“It’s fun to stay around guys that you’ve played with for a long time and see their maturation,” said Price. “It’s great to be able to face off against Arch and Stroman and stay competitive against them.”


Price’s presence already has had a calming effect on other Boston starters. Rick Porcello said Price can take the pressure off each guy after him.

“I hope so,” said Price. “I don’t think that’s my mind-set, trying to take pressure off others, but if I can go out there and get the ball rolling early, it makes it easier for guys that come after me. I just need to be myself and be a good teammate.”

He is looking forward to competing in the AL East again.

“When I was in the Central, it was tough as well,” he said. “The East is tough considering the ballparks you have to pitch in, where in the Central, the parks are bigger and more pitcher-friendly.

“In the East, the only real pitchers-friendly park is Tampa, where others are hitters-friendly. Right-center at Fenway is pitcher-friendly, but for the most part, they’re tougher to pitch in, and it keeps you on your P’s and Q’s and you just have to pay attention.”

And now he has to oppose the Blue Jays rather than reap the benefits of that lineup as he did when he compiled a 9-1 record and 2.30 ERA in 11 starts last season after being acquired from Detroit.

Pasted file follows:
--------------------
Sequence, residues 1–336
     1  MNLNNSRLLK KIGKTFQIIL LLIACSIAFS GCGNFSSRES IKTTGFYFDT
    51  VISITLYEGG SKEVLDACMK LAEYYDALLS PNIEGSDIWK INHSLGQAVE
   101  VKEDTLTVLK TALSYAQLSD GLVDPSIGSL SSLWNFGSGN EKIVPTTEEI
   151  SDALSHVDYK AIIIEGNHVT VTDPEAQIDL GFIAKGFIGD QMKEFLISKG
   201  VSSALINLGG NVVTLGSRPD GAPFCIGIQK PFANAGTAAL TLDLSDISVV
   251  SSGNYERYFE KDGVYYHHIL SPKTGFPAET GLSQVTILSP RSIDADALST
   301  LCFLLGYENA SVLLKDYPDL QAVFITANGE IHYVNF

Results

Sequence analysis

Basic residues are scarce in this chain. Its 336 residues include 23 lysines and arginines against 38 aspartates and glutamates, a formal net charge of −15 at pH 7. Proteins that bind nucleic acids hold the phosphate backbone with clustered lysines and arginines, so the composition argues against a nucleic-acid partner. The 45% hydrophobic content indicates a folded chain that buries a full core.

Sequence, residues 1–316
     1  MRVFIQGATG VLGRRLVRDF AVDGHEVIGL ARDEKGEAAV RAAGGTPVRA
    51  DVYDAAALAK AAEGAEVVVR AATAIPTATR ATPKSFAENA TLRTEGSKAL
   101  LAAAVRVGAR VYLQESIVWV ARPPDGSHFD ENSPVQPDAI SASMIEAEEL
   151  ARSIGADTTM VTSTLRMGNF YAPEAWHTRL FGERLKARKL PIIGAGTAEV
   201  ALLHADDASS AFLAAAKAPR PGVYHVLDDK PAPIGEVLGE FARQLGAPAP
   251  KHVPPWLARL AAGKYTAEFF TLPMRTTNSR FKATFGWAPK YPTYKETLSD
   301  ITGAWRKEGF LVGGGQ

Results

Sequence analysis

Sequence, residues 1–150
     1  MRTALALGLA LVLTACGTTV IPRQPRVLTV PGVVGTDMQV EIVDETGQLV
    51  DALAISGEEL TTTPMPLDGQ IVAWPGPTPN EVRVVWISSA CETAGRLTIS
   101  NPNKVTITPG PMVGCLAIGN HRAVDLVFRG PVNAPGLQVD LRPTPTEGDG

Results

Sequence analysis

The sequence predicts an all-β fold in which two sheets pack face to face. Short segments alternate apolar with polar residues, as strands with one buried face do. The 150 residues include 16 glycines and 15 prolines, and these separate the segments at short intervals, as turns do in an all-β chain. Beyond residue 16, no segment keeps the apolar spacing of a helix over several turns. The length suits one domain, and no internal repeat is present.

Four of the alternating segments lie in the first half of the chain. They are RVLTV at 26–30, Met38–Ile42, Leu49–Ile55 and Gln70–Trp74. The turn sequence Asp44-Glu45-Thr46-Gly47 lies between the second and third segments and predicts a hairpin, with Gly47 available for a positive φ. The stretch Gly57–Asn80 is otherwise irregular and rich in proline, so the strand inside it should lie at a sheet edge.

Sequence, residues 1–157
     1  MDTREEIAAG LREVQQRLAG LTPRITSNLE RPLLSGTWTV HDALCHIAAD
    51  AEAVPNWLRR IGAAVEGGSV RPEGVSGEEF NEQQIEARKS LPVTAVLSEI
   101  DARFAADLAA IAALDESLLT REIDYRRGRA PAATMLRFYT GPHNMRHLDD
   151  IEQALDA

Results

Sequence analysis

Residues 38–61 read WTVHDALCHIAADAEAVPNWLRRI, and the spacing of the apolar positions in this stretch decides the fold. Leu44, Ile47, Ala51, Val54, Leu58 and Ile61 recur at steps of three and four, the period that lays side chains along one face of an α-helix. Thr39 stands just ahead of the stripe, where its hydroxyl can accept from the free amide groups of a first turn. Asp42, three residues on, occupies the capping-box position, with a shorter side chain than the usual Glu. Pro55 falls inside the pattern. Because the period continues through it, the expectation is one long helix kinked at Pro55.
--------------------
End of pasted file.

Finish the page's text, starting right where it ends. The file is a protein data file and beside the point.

But once the postseason started, Price wasn’t the same. He allowed five runs over seven innings against Texas in his only ALDS start. He allowed five runs in 6⅔ innings against Kansas City in an ALCS start.


Price said he’s always tinkering with new pitches, and will again, but not necessarily during games. When asked what pitch he’d love to add, he said “a knuckleball.” He laughed off the suggestion, but he’d get plenty of help from Steven Wright and Tim Wakefield if he went that route.

On Tuesday, he spent his time running and playing catch with Wright. Price showed Wright his knuckleball and Wright showed Price his. Price almost missed one of them, which could have been dangerous.

He already seems to like his new teammates. He talked about sitting on the bench with the Blue Jays and telling them to watch his fellow Tennessean, Mookie Betts, because he may have the fastest hands in baseball; Price said Betts reminds him of Andrew McCutchen.

Price spoke a lot about taking care of himself even more since he has turned 30.

He said he has faith in himself and he knows Red Sox president Dave Dombrowski trusts that Price will do the right things.

Price said he got a good education by watching former teammate James Shields transition into his 30s, so he has a good sense of what needs to be done — when to do more and when to do less.

He feels his postseason record will turn around because there’s no rhyme or reason to it. Maybe it’s the result of pitching more than 220 innings and then being spent by October. Roger Clemens had that problem for a while, but he turned it around. Price is confident he will as well.


But that time is many months away.

On this day, Price just wanted to start the next phase of his career, not thinking about anything except that he’s now with the Boston Red Sox.

He left as he came in, with a smile on his face.

There was no burden, no pressure, no looking too far ahead, no playoff record to defend.

Nick Cafardo can be reached at Follow him on Twitter@nickcafardo.